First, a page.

Washington, D.C. January 22, 2020. Yesterday, the Diplomatic Mission of Mexico to the Organization of American States (OAS) deposited an instrument of ratification to the Inter-American Convention Against Racism, Racial Discrimination and Related Forms of Intolerance with the Secretary General of the OAS , thus advancing its commitments to eliminate, prevent, prohibit, and sanction all acts and forms of discrimination and intolerance within Mexico. Additionally, the State of Mexico also ratified the Inter-American Convention Against All Forms of Discrimination and Intolerance. Because Mexico is the second OAS Member State to ratify this Convention, it will now enter into force in the region.
The deposit of both instruments was carried out this Tuesday morning by the Ambassador of Mexico to the OAS, Luz Elena Baños, and the Director General for Human Rights and Democracy at the Ministry of Foreign Affairs, Cristofer Ballinas.
“The deposit of these instruments of ratification is proof of Mexico’s broad openness to international scrutiny, and demonstrates a shared responsibility to confront the many great global challenges that are part of our country’s active and multilateral foreign policy,” said the Sub-Secretary for Multilateral Affairs and Human Rights of the Ministry of Foreign Affairs of Mexico, Martha Delgado, via video published on social media channels.
“With these actions, our country seeks to spark regional efforts that are necessary for us to guarantee an understanding among all the countries that make up this organization, which is to guarantee respect for the integrity and dignity of all persons regardless of their gender, race. or sexual orientation,” added Delgado.
Convention Against Racism
The first step to adhere to the Convention is to sign the document, which was done by the State of Mexico on November 13, 2018. Following the signature, countries must ratify the document internally, following their own constitutional processes. The Mexican Mission had done these two steps and moved forward in the process, finally depositing the instrument of ratification of the Convention with the OAS. The next step is the Convention’s entry into force within Mexico, which will be 30 days from today.
With the ratification of the Inter-American Convention Against Racism, Racial Discrimination and Related Forms of Intolerance, Mexico becomes the fifth country in the region where it enters into force. Since its inception in June 2013, the Convention has been signed and ratified by Costa Rica, Uruguay, Antigua & Barbuda, and Ecuador.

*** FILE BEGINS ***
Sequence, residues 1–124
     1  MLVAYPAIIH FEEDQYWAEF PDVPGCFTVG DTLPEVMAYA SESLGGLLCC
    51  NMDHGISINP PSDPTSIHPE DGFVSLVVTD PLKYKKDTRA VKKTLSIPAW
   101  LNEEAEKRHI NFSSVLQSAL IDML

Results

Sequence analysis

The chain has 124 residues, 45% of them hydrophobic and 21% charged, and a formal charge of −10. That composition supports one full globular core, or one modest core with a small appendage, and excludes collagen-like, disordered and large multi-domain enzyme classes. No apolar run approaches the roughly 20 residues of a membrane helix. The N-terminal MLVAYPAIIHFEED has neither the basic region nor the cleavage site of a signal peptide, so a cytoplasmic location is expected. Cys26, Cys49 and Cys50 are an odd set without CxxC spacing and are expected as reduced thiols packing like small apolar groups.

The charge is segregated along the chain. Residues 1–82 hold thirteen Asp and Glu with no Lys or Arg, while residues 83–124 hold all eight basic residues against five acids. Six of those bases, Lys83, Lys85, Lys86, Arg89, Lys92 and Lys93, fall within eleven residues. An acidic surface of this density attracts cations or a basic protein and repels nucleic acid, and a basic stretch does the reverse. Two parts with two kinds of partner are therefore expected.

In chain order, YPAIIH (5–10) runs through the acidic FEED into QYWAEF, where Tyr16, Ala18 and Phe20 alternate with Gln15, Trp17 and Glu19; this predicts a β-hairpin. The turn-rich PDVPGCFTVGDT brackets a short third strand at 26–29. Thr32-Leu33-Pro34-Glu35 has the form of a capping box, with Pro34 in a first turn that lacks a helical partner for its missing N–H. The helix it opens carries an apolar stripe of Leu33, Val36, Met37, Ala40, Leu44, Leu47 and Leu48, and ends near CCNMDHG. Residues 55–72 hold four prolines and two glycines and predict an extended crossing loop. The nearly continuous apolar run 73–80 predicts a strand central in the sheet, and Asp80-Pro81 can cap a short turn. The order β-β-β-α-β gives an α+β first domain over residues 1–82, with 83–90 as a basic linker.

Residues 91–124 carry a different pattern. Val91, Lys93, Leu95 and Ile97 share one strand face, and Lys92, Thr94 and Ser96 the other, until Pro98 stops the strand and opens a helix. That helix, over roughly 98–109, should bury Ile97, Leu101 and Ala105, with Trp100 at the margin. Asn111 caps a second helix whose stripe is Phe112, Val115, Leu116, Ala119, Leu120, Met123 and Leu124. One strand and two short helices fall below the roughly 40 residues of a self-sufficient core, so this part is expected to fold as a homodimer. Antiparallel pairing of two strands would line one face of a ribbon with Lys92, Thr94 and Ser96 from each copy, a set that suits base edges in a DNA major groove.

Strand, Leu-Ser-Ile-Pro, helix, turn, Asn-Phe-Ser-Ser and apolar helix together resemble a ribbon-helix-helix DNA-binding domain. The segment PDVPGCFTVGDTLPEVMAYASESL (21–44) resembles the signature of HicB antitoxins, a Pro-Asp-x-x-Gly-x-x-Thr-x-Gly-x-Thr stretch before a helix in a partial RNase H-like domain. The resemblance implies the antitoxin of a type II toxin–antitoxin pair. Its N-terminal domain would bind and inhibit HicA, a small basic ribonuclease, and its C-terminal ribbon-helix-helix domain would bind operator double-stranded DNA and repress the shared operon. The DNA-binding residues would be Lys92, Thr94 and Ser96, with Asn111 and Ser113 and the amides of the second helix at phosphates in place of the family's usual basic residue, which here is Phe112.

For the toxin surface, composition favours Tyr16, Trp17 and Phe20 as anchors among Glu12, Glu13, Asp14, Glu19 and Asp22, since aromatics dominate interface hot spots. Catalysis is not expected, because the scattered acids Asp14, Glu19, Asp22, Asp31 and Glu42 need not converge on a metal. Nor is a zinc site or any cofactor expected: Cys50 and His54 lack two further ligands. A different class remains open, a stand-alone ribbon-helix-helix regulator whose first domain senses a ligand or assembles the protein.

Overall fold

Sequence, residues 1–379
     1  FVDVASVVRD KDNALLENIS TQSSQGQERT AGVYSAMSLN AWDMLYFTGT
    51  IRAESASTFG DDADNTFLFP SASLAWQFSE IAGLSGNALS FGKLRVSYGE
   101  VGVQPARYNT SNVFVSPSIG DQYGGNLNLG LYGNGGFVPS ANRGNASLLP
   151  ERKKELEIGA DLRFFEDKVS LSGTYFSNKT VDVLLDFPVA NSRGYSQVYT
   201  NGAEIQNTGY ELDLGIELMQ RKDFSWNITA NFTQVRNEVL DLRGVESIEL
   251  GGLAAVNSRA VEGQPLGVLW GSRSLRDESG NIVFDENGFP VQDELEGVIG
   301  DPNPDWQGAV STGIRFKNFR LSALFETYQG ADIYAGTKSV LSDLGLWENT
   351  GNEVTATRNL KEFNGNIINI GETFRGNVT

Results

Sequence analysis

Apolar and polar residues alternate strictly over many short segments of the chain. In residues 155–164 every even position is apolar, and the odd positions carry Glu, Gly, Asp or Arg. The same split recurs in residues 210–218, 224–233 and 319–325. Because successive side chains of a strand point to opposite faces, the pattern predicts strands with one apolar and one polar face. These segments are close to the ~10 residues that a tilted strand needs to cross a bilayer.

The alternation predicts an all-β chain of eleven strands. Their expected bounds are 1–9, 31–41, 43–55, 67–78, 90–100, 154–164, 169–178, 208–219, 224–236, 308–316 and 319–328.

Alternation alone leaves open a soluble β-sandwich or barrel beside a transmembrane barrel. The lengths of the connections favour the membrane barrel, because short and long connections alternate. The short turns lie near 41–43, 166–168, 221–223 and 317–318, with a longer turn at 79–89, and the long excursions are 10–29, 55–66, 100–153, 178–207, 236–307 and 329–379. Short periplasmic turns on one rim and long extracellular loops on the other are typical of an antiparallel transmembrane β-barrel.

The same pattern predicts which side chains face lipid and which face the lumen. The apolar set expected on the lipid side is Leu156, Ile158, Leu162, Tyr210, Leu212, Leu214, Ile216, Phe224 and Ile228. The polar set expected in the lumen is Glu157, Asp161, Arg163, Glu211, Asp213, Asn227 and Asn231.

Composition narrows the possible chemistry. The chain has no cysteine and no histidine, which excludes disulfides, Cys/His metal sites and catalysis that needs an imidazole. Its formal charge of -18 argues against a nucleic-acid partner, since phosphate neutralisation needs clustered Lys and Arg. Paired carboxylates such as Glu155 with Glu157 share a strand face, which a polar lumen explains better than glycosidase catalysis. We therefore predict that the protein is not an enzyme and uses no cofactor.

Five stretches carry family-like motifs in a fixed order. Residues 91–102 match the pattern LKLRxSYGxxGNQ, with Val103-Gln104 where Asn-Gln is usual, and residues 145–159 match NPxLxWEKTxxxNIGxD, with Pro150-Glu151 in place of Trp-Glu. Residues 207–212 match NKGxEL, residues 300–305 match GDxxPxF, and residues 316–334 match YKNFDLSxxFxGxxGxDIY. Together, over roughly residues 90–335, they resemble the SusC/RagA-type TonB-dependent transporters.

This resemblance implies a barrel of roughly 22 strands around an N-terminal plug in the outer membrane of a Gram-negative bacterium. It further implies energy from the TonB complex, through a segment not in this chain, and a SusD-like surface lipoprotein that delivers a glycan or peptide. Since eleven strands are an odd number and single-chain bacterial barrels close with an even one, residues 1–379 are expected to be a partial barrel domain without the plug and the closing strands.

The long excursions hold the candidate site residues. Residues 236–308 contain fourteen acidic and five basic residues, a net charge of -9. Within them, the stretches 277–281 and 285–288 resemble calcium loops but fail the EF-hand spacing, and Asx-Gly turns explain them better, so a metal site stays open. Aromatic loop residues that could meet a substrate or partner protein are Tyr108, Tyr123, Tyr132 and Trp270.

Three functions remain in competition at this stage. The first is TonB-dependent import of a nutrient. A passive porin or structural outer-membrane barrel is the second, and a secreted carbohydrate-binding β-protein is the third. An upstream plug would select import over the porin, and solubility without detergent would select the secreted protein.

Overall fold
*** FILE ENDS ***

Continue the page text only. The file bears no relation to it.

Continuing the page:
The Convention states that all States Parties must adopt specific policies and affirmative actions that seek to promote conditions of equality, equal opportunity, inclusion, and advancement for people or groups subjected to racism, discrimination, or intolerance; to adopt legislation that clearly defines and prohibits racism, discrimination, and intolerance; to ensure that victims of racism, discrimination, or intolerance are treated with equity and respect; to ensure equal access to the judicial system, to swift and effective legal proceedings, and to a just reparation in civil and penal matters, among other requirements.
Convention Against All Forms of Discrimination
Furthermore, Mexico is the second country to ratify the Inter-American Convention Against All Forms of Discrimination & Intolerance, after Uruguay.
The Convention states that all State parties must prevent, eliminate, prohibit, and punish, in accordance with their constitutional norms and the provisions of this Convention, all acts and manifestations of discrimination and intolerance, and to adopt the special policies and affirmative actions needed to ensure the enjoyment or exercise of rights and fundamental freedoms of persons or groups that are subject to discrimination or intolerance for the purpose of promoting equitable conditions for equal opportunity, inclusion, and progress for such persons or groups.
Race and Equality considers this as important step for the region, where, concerningly, we have observed an increase in the levels of racism and discrimination. As such, it is essential for all States to take the necessary national, regional, and international means to protect the rights of vulnerable groups against structural racism and all forms of discrimination, in order to create equal and tolerant societies. The expectations of these two Conventions are great, but we hope that they will be further developed and perfected as they are ratified and put into use.